Some Strategists Say Get Ready for ‘Peak Decade’
Amid the Alpine peaks of the Swiss resort of Davos in the week ahead, politicians, investors and executives will be busy debating whether we are witnessing peaks in key drivers of the world economy.
From oil demand, car production and the proportion of young people as a share of the population, to less-measurable themes like globalization, inequality and central banking power, there’s an argument each will ebb in the 2020s.
The IMF sees tariffs taking their toll on global trade growth
Strategists at Bank of America Corp. are already telling clients to brace for a “ground-breaking ‘peak decade’” that will disrupt business and investing. Ian Bremmer, a delegate at the World Economy Forum’s annual meeting and founder of Eurasia Group, describes this year as a “tipping point.”
The theme is captured throughout the Davos program, which contains multiple panels on “stakeholder capitalism” and tackling inequality. Participants will also discuss the future of globalization and whether central banks are out of ammunition.
Here are the hot talking points:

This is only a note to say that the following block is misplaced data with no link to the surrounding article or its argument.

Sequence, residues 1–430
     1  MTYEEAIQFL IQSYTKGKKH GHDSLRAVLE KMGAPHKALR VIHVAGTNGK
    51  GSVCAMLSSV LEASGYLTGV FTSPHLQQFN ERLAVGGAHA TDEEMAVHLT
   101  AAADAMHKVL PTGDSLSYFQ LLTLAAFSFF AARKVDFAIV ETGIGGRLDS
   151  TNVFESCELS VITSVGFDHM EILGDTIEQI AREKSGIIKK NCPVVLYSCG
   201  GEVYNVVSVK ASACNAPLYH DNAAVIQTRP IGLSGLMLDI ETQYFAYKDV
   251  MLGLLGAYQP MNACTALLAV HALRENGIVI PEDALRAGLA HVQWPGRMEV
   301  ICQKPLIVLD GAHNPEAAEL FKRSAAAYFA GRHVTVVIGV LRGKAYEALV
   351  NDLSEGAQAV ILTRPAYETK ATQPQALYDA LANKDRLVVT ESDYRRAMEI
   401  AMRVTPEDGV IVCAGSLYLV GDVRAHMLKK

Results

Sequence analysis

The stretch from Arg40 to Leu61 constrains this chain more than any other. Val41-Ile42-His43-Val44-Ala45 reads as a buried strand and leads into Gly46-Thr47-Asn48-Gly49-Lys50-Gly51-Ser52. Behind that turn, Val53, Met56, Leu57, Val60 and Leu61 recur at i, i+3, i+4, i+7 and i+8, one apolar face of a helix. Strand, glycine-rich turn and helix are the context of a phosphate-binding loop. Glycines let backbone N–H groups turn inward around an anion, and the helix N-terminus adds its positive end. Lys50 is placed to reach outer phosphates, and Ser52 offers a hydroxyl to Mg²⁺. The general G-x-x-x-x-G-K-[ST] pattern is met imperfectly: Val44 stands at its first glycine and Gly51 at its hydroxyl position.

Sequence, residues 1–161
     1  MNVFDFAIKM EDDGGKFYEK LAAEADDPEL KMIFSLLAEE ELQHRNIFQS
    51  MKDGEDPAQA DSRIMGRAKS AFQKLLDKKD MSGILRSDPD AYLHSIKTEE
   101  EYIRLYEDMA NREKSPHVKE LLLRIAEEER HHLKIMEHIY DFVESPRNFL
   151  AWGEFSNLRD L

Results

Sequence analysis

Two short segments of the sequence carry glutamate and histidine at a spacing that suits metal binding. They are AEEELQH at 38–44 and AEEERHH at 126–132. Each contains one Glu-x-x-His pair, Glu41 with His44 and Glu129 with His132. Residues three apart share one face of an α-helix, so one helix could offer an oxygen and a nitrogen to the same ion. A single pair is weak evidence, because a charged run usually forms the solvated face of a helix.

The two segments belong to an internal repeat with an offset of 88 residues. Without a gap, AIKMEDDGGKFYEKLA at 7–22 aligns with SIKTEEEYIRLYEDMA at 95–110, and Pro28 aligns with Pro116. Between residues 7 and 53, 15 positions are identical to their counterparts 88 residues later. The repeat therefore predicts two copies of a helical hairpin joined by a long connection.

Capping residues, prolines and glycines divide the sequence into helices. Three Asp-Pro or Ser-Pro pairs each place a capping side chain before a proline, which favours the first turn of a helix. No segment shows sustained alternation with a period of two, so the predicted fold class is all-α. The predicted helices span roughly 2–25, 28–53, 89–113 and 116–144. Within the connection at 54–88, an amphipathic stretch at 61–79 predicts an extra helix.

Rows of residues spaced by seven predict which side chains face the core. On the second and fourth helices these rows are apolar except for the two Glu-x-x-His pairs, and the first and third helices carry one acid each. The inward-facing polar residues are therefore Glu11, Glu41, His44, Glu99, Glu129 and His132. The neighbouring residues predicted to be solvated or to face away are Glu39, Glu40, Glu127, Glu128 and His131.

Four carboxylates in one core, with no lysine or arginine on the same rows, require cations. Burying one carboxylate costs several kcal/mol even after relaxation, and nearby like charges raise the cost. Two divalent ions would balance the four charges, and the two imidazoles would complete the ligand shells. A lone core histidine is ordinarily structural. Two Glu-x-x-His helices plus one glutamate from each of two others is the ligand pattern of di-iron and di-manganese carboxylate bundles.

The era of people, goods and money flowing increasingly unchecked around the world may have passed its high point as governments pursue protectionism and erect more obstacles to migration. Already there are around 77 physical barriers delineating international borders compared with 15 in 1989 after the fall of the Berlin Wall, according to Bank of America. The World Trade Organization calculates the pace of growth in international commerce fell below the rate of economic expansion in 2019 for the fifth time since the financial crisis. Foreign direct investment inflows have been on the decline since 2015, says the United Nations.
The U.S.-China trade war is at the center of the shift. But even with the signing of an interim deal, the Peterson Institute for International Economics reckons the average U.S. tariff on imports from China is still 19.3% versus 3.1% at the start of 2018.
Away from Beijing, Trump is also seeking to remodel the World Trade Organization and potentially clamp down on European auto exports. The U.K. still needs to strike a post-Brexit trade deal with the European Union.
Still, the continued development of the digital economy, rising tourism and mounting reliance of companies on revenues generated outside their home market provide room for confidence globalization is evolving rather than ending.
Source: Enda Curran | Bloomberg